That’s their plan for keeping taxes down (a plan which, by the way, isn’t working out so well here): they’ll welcome children only to existing housing. People who want to buy brand-new houses will have to find some other town in which to live.

That plan says a lot about the local government’s priorities (and the priorities of the people who run local government and the people who voted for the mayor and town council.

Delran officials countered that their intent in approving age-restricted housing was to keep the township affordable by expanding its tax base without overburdening the school system with new children.

In a town that’s full of playgrounds and soccer fields (and building more of both all the time), no one seems too eager to welcome the children who would use those amenities. If this trend continues, it won’t be long before our playgrounds turn into dog parks.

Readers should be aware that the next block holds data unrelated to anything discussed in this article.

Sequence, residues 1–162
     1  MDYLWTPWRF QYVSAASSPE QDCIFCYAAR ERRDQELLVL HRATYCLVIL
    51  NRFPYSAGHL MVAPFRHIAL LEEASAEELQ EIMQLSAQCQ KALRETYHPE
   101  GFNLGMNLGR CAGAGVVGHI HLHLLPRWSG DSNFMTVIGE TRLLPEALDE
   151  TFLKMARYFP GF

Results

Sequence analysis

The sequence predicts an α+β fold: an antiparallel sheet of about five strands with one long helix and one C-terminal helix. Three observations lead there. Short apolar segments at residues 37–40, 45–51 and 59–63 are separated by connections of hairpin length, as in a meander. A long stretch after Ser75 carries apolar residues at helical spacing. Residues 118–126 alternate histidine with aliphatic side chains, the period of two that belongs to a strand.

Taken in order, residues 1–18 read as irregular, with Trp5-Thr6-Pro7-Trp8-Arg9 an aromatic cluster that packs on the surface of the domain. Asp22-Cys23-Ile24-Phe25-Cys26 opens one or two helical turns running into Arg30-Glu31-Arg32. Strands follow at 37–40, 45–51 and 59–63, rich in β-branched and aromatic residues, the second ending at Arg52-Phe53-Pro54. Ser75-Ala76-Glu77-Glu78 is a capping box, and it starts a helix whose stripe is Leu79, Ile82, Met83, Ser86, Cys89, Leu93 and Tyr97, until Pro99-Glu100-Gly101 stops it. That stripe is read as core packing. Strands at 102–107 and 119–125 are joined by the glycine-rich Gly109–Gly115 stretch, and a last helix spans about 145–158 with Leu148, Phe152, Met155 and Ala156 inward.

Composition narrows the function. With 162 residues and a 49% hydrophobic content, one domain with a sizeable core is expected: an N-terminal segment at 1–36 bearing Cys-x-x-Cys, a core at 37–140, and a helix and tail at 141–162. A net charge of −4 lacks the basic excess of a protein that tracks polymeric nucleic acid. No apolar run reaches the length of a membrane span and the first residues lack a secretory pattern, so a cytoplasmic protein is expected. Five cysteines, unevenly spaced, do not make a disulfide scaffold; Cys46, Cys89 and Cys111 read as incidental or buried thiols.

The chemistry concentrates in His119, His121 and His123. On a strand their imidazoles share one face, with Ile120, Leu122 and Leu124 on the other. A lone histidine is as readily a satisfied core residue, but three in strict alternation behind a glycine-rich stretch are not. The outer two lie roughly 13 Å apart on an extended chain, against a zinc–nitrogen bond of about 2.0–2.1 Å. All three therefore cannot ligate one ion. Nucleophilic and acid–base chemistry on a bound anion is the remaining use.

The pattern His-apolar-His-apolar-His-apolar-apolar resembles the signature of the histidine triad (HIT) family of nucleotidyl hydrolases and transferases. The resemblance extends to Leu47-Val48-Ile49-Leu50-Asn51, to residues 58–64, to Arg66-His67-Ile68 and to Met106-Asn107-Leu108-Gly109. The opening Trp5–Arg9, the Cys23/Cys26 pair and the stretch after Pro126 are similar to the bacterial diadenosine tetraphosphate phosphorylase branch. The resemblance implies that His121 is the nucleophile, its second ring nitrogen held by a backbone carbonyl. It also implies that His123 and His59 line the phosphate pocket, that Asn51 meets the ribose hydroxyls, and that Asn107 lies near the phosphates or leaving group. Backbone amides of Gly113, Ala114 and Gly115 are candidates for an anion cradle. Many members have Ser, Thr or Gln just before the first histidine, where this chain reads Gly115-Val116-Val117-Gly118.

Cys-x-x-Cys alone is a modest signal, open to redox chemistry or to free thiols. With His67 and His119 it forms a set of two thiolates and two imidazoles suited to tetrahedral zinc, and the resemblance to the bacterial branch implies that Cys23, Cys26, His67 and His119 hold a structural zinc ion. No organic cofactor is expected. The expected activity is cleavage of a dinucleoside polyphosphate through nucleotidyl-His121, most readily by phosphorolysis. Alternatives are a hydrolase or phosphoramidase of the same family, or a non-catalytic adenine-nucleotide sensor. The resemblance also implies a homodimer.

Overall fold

Dogs–and seniors–are still welcome here, after all.

Children are the future; there doesn’t seem to be much future here.

Copyright 2017 Barb Szyszkiewicz

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#WorthRevisit: Booties and Diplomas

The story of a pregnant high-school senior who wasn’t allowed at her own graduation ceremony has been all over the news.

For many years I was a homebound tutor for several local school districts. I have plenty of experience with pregnant and postpartum high-school students.